Friday, July 02, 2004

 

Your call is important to us

If for some reason you have been deemed a computer guru by the unwashed masses in your acquaintance, invariably you'll get pleas for help when the Critical Need Detector in their system has gone off and the box has decided to vacation somewhere in Lower Outsourcia. Invariably, the plea will come from a cousin or spouse's friend who is completely clueless about what has happened, who will prey upon your basic good nature, take up hours or days of your time, and when you finally finish treat you as if you were released as a result of a hung jury at Nuremberg. Said luser will invariably repeat the same idiotic mistakes and blow up their system within weeks or more commonly days (if it isn't the luser themselves, it will invariably be their teenager defeating whatever fixes you've put in so they can go look for adult entertainment).

There is a very simple way around this problem. Buy VMWare Workstation. VMWare will let you run multiple virtual machines on your regular Windows box (of course assuming you have sufficient resources), said virtual machines can run other instances of Windows, Linux, FreeBSD, whatever. If you take a freshly installed Windows OS, install VMWare on it, there is nothing else you need to do in that OS other than to start VMWare. Since VMWare stores its virtual machines in a normal file folder hierarchy on a hard drive, it's very easy to just keep a golden copy of a VM, just copy it over to another folder when you blow up a virtual machine, and you're back up and running. This way, no grief trying to repair the crapware, just pull whatever data you have on the VM over to the new one, blow away the old one, and you're ready to rock again.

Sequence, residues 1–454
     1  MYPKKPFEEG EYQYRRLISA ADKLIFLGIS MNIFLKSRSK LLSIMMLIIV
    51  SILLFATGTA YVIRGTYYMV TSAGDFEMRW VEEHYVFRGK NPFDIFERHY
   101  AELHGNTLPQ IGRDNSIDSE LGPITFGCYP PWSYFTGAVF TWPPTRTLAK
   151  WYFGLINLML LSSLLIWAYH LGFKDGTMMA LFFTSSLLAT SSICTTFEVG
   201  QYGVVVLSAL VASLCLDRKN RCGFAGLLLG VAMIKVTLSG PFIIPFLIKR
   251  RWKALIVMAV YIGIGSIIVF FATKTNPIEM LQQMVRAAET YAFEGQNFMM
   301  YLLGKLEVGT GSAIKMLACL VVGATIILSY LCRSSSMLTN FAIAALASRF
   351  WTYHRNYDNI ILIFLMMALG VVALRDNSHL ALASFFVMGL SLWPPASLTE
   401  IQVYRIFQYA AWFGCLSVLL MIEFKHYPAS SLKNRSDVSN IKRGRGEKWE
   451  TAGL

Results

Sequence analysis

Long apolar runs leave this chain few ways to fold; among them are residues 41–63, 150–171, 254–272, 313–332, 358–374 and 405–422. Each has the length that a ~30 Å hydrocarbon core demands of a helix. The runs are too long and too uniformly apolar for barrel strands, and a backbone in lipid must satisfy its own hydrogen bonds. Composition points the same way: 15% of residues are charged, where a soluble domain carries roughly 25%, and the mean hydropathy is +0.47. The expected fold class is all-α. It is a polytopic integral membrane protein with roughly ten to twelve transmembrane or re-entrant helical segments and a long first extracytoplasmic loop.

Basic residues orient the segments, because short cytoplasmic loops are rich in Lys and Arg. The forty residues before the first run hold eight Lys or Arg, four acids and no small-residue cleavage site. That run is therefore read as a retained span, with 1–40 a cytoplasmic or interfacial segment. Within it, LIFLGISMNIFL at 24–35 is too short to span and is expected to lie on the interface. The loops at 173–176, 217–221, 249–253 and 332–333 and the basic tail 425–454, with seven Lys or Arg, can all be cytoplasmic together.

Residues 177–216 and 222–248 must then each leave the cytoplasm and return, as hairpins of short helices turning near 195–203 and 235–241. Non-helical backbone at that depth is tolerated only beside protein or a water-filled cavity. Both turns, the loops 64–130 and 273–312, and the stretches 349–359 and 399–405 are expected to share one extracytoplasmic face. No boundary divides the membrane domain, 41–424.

I use VMWare for a lot of different reasons; I cloned my work laptop's image onto it, and can work at home without firing up the laptop, I run a couple of experimental Linux images, and keep my hand in as a system administrator playing around with the nuts and bolts of systems while not lousing up the client's gear. A great bang for the buck and Recommended by The Proprietor.

I'm reminded of a call center design I worked on a couple of years ago, where said call center was indeed being sent to sunnier climes in Outsourcia (see, I'm so impressed with my joke that I used it twice). The most interesting thing was that we had to provision a lot, and I mean a lot, of trunk capacity to route calls back to the US for supervisor handling. An interesting example in traffic engineering (cue the Chiffons singing "He's So Fine", but the background vocals are "Er-lang, er-lang, er-lang"; that's an in-joke, son).

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